A 40-year-old charitable foundation was unsatisfied with its administrative trustee and investment manager. The board engaged Wescott for the investment management needs of the foundation to improve performance and administrative support, and reduce underlying fees.
Situation and Outcome
The foundation had been established through a benefactor’s will, and today is managed by a six-person board to support the education, special needs and welfare of a select population in the Northeast United States. As a typical foundation, they accept and evaluate grant requests, and by law must distribute five percent of principal each year.
The client began its relationship with Wescott more than a decade ago on the referral of another Wescott client. The foundation had employed an organization that was both the corporate trustee and investment manager, but grew unsatisfied with the performance of both aspects. They tapped Wescott to help engage a new administrative trustee, as well as assume investment management for the foundation.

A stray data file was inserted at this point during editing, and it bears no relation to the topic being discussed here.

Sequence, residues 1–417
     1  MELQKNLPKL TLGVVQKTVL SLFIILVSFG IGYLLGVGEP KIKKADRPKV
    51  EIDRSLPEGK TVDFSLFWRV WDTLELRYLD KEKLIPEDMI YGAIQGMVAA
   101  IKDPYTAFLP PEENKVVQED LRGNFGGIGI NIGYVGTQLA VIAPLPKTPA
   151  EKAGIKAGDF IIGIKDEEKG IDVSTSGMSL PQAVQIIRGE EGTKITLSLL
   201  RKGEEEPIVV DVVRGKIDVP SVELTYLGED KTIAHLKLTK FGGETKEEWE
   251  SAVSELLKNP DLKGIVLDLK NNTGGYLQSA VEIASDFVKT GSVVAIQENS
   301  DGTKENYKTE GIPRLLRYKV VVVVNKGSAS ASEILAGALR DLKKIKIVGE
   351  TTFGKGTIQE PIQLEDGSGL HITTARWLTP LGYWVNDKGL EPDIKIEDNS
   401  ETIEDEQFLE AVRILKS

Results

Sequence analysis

Wescott faced a daunting task. When originally drafted, many of the trust documents and wills were phrased in inflexible language, especially pertaining to changing the corporate trustee. The client went to court to make the change. Other transitions with which Wescott assisted included finding the new trustee, identifying and replacing underperforming investments, and taking the portfolio from a singular focus on large, blue chip stocks and introducing greater diversification.
What makes Wescott unique with regard to managing non-profit, foundation accounts is that Wescott is involved in more than just investment management. The board looks to Wescott for advice on tax issues and distribution requirements. When the board sought to change its administrative director, Wescott advised on the job description. Throughout the decades-long engagement, Wescott has attended quarterly and semiannual board meetings, providing a review and summary of the organization’s investment portfolio.
The client has learned to rely on Wescott not just as a money manager, but as a trusted financial advisor—and to call on Wescott with any question remotely related to the financial well-being of themselves or the organization for which they have a fiduciary responsibility. Managing the investment portfolio is one small piece of the puzzle.